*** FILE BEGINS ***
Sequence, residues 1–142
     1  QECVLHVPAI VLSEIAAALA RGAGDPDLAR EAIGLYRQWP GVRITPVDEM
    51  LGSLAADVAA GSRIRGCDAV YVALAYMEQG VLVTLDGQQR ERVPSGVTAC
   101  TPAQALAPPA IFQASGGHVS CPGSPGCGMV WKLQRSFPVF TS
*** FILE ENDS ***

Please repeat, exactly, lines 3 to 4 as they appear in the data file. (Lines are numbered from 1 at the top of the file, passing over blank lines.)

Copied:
    51  LGSLAADVAA GSRIRGCDAV YVALAYMEQG VLVTLDGQQR ERVPSGVTAC
   101  TPAQALAPPA IFQASGGHVS CPGSPGCGMV WKLQRSFPVF TS